The City is reviewing three very significant potential changes in local traffic patterns, each of which is laid out in this presentation made to the Council last night:
1) Cedar/River/Palmer: Consolidation of the unusual and inefficient one-way streets at this intersection into a more traditional and rational confluence of two-way streets. I suspect that this proposal will be well-received by most people.
2) Train Station: Conversion of the present two-way system of ingress and egress into a one-way system with entry from the west on Division Street and exit to the east on North Avenue. This proposal is aimed at making it easier to get to and from the train station, relieving the traffic crunch that often occurs during commuter hours. Fortunately, it will be possible for us to test this new pattern on a pilot basis before making any permanent decisions.
3) Downtown: Restoration of two-way traffic on Main and Huguenot Streets. This last proposal is certainly the most complex and potentially controversial of the three. Most planners and retailers strongly support two-way traffic patterns, which have been shown to boost economic activity and improve pedestrian safety. The counter-argument, of course, is that traffic calming (good) could degrade into traffic obstruction (not so good.) We would also lose a small number of on-street parking spaces to accommodate turning lanes.
The professional consultants who reviewed these options argue strongly that the width of Main Street would permit a driver to circumvent a car in the travel lane and that, with better enforcement of double-parking restrictions, a two-way system would function well. Keep in mind also that the total volume of cars on the road would decrease, because drivers could go directly to their destination, rather than circling around.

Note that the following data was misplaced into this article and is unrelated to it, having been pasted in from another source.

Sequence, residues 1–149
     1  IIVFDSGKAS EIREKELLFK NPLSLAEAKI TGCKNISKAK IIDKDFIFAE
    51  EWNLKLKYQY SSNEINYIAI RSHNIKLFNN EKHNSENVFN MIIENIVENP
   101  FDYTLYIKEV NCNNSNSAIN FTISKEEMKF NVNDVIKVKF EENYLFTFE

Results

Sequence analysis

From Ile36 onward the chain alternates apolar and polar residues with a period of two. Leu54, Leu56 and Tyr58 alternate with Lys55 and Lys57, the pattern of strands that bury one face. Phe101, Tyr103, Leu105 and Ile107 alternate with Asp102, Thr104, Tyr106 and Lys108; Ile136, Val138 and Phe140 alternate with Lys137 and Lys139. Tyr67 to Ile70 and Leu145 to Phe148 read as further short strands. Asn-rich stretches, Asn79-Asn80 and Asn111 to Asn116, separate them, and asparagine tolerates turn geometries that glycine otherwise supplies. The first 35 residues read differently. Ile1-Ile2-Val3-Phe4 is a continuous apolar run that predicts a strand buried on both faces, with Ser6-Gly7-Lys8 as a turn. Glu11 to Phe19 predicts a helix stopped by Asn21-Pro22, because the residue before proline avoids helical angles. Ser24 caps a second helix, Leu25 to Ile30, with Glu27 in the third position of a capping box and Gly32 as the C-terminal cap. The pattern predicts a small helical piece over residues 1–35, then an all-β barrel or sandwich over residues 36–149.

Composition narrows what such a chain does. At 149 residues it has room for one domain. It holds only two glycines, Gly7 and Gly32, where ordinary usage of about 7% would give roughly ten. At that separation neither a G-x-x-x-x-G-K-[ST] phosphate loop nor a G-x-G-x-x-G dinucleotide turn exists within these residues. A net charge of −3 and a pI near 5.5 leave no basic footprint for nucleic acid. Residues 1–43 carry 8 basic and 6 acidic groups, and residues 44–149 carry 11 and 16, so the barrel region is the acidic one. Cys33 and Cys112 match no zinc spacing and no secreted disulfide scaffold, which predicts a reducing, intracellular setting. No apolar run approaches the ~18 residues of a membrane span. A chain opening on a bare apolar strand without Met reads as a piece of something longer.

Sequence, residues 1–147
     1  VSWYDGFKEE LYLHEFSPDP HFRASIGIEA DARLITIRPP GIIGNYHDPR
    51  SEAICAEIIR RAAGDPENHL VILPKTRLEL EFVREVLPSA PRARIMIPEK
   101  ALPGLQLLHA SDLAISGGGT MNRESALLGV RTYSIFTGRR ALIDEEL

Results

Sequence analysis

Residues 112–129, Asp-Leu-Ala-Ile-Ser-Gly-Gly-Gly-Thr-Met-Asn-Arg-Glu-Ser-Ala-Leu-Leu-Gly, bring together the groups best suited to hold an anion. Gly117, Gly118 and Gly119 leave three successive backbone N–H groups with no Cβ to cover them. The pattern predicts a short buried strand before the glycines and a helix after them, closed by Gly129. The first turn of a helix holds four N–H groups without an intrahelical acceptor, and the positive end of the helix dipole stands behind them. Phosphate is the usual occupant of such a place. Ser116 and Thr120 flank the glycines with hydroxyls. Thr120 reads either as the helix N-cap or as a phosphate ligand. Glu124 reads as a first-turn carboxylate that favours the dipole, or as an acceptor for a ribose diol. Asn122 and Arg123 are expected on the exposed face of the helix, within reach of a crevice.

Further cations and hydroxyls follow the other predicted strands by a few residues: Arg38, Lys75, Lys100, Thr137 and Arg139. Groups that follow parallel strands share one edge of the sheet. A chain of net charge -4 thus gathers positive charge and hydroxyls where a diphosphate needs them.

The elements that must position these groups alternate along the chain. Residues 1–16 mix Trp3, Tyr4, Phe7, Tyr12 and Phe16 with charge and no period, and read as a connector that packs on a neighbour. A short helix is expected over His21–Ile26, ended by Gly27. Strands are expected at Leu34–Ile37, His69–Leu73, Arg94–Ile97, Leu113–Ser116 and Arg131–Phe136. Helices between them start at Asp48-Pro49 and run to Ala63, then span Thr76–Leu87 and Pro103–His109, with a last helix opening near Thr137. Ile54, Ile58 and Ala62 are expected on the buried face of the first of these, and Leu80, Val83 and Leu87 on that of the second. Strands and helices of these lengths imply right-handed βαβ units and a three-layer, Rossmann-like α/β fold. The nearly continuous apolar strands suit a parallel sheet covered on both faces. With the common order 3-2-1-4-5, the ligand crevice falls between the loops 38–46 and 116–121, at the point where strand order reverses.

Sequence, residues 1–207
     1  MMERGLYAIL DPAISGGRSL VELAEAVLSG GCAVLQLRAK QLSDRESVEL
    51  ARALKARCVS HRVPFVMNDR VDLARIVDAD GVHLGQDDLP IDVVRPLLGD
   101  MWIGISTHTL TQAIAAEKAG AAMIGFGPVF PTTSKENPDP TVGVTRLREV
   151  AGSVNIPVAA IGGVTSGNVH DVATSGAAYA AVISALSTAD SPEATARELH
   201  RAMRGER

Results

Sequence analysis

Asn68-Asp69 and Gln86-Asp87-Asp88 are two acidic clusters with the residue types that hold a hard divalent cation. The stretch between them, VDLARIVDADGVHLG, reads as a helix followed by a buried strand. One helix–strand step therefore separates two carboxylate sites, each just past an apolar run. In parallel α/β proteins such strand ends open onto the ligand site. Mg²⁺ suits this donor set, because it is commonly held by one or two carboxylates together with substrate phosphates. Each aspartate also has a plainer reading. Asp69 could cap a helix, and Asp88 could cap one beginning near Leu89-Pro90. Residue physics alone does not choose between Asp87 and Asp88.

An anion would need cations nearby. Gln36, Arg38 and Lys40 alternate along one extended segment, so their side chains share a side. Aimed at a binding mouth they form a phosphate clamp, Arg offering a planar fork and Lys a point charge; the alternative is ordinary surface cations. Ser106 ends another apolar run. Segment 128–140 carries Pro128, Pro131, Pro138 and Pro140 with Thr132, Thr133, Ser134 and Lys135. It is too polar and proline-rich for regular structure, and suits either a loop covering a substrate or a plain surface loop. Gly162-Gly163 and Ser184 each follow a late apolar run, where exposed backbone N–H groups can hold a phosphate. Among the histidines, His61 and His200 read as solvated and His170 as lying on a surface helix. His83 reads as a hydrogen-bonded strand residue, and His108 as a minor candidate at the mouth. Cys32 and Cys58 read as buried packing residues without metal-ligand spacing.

Council Member Ivar Hyden summed it up best last night when he said that many City officials (including me) were initially skeptical of the two-way downtown system, but have become increasingly open to the idea as we have received more information, analysis, and input from experts.
No final decisions yet. And the downtown traffic pattern, in particular, is dependent on a federal transportation grant for new signalization.
Regardless of our opinions about these options, it is important for the City to think carefully about traffic circulation and not automatically dismiss changes simply because they challenge the status quo. We should be open to bold action, if there is solid evidence for its benefits.
Again, there is more in this presentation.